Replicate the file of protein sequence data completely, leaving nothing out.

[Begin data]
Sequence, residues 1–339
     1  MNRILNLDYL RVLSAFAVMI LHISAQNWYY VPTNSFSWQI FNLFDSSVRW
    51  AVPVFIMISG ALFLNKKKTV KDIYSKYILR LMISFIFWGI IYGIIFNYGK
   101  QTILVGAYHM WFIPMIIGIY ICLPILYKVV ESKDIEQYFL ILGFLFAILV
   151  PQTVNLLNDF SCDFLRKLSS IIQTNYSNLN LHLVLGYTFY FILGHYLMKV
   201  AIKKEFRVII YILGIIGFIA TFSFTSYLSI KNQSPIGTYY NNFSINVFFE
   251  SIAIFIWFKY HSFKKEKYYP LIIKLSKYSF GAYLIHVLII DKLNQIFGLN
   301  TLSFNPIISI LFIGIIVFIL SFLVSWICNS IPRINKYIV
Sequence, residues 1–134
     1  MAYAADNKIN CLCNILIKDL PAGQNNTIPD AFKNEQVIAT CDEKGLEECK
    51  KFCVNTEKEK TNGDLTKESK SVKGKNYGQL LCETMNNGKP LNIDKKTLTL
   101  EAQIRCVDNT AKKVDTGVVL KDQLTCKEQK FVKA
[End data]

Sequence, residues 1–339
     1  MNRILNLDYL RVLSAFAVMI LHISAQNWYY VPTNSFSWQI FNLFDSSVRW
    51  AVPVFIMISG ALFLNKKKTV KDIYSKYILR LMISFIFWGI IYGIIFNYGK
   101  QTILVGAYHM WFIPMIIGIY ICLPILYKVV ESKDIEQYFL ILGFLFAILV
   151  PQTVNLLNDF SCDFLRKLSS IIQTNYSNLN LHLVLGYTFY FILGHYLMKV
   201  AIKKEFRVII YILGIIGFIA TFSFTSYLSI KNQSPIGTYY NNFSINVFFE
   251  SIAIFIWFKY HSFKKEKYYP LIIKLSKYSF GAYLIHVLII DKLNQIFGLN
   301  TLSFNPIISI LFIGIIVFIL SFLVSWICNS IPRINKYIV
Sequence, residues 1–134
     1  MAYAADNKIN CLCNILIKDL PAGQNNTIPD AFKNEQVIAT CDEKGLEECK
    51  KFCVNTEKEK TNGDLTKESK SVKGKNYGQL LCETMNNGKP LNIDKKTLTL
   101  EAQIRCVDNT AKKVDTGVVL KDQLTCKEQK FVKA